Task team riles ANC youth league

Shaka Sisulu, grandson of ANC stalwart Walter Sisulu. (Gallo)

Shaka Sisulu, grandson of ANC stalwart Walter Sisulu. (Gallo)

Along with former national executive committee members they are accusing the ANC's top brass of appointing their cronies, who know nothing about the youth league.

The team was announced by the ANC this week after the party's national executive committee (NEC) disbanded the league's NEC last month, citing "ill-discipline" as the reason.

The task team will be led by the Gauteng Film Commission chief executive, Mzwandile Masina. Also included in the team are Shaka Sisulu, grandson of ANC stalwart Walter Sisulu, and Braam Hanekom, ANC NEC member Derek Hanekom's nephew.

A former youth league NEC member asked why, if the ANC's intention was to rebuild the league, its leaders were including "cousins" who never participated in youth league leadership structures.

The ANC spokesperson, Keith Khoza, said the task team members were appointed purely on the basis of their proven leadership. "They are not partisan in any way," he said.

"That some of them are relatives of ANC NEC members doesn't mean that they can't be charged with the responsibility of leading.
People were elected on merit and not because they were related to anybody. It is not a permanent structure. The youth league will have an opportunity to elect its own leaders at a conference once their structures are functional."

But the former youth league NEC member said: "We were hoping it was not going to be factional. The league has been reduced to a mere desk which must dance to the tune of ANC leaders. Young people are going to sit home and not vote."

Pro-Zuma structure
An ANC NEC member sympathetic to the task team said it was "mischievous" to label it a pro-Zuma structure. "If they were a faction, Maropene Ntuli [from the disbanded youth league NEC] would not have been part of this," he said.

The youth league's Northern Cape provincial chairperson Shad­rack Tlhaole said his province was happy because of the inclusion of Bongiwe Gigaba, a member of the Northern Cape provincial legislature, and Maropene Ntuli, a board member of the National Youth Development Agency.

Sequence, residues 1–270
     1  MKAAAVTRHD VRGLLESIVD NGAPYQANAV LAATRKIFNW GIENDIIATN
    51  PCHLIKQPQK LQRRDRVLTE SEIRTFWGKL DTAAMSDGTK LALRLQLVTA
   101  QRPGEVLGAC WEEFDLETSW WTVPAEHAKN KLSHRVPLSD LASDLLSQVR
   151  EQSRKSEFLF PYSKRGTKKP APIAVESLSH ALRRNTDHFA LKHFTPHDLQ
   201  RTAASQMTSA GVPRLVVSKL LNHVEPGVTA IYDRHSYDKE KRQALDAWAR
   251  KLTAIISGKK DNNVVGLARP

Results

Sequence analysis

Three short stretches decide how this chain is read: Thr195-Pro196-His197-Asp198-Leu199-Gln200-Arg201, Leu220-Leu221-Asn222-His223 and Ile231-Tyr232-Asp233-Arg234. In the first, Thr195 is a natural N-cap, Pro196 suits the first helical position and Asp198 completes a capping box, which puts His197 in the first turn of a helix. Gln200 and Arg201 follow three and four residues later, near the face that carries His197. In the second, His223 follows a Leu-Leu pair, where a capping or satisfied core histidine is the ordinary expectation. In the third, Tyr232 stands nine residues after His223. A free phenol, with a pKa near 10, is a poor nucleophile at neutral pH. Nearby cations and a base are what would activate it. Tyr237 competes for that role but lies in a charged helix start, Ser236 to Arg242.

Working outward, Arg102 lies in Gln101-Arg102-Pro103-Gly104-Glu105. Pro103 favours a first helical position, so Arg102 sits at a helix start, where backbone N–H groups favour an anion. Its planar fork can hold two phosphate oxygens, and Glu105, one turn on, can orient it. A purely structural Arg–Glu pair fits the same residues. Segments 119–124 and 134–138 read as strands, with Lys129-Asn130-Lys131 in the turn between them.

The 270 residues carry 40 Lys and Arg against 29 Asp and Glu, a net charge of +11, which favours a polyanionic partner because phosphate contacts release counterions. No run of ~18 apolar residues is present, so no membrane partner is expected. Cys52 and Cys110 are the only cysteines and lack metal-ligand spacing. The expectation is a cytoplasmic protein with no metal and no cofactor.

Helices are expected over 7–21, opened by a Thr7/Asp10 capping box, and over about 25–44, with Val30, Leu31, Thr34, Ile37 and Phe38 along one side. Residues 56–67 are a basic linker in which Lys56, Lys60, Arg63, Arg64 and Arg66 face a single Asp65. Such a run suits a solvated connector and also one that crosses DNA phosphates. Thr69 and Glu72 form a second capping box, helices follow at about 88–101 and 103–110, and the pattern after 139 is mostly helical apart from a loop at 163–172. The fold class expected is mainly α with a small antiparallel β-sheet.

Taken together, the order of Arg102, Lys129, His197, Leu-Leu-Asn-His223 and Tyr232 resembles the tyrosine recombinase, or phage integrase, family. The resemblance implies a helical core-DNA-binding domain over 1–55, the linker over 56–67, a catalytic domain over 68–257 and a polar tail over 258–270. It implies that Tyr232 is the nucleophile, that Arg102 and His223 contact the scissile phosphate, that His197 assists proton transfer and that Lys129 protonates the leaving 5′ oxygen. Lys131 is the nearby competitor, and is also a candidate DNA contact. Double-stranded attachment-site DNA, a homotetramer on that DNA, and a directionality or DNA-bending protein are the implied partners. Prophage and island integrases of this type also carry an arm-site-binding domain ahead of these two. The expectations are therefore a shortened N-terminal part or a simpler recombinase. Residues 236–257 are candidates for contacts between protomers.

Both Gigaba and Ntuli hail from the Northern Cape.

"The fight we had with the ANC around the national conference and the issue of [expelled youth league president] Julius Malema is now behind us," said Tlhaole. "We hope the task team won't be an entity to destroy people. We are meeting them on Saturday and we'll hear what they have to say. I don't necessarily care who leads the youth league. We are more concerned about the elections."

A member of the youth league who was not part of the disbanded leadership warned that the task team was going to find it "very ­difficult" to work with the league's structures.

Unhappiness has already started spreading in the organisation because it says the task team is made up of Zuma loyalists. One youth league member described the team as a "conveyer belt" for the Zuma-led ANC leadership.

"They disbanded the youth league leadership because they said it was problematic. But the lower structures are genuine, so why are they talking about reviving the youth league?" he asked.

"The disbanded youth league NEC had a mandate from congress. Which mandate is this task team going to implement? These disbanded guys have entrenched themselves on the ground."

Charles Molele

Charles Molele

Charles Molele is a senior politics reporter at the Mail & Guardian. Charles joined the paper in 2011. He has covered general news, court and politics for the past 19 years, and also worked as a senior reporter for the Saturday Star, Sunday World, ThisDay, Sunday Times and is former politics editor of the New Age. Charles's other career highlights include covering Kenya's violent general elections (2007/08), Zimbabwe’s sham general elections (2008), Mozambique's food riots (2010) and the historic re-election of US President Barack Obama (2012).
  • Read more from Charles Molele
  • Mmanaledi Mataboge

    Mmanaledi Mataboge

    Mmanaledi Mataboge is the Mail & Guardian's political editor. Raised in a rural village, she later studied journalism in a township where she fell in love with the medium of radio. This former radio presenter and producer previously worked as a senior politics reporter for the Mail & Guardian, and writes on politics, government, and anything that gives the disadvantaged, poor, and the oppressed a voice.
  • Read more from Mmanaledi Mataboge
  • Client Media Releases

    What makes IIE Rosebank College cool?
    UKZN supports #CrazySocks4Docs campaign
    The right to take refuge
    Taking Sanral to Upington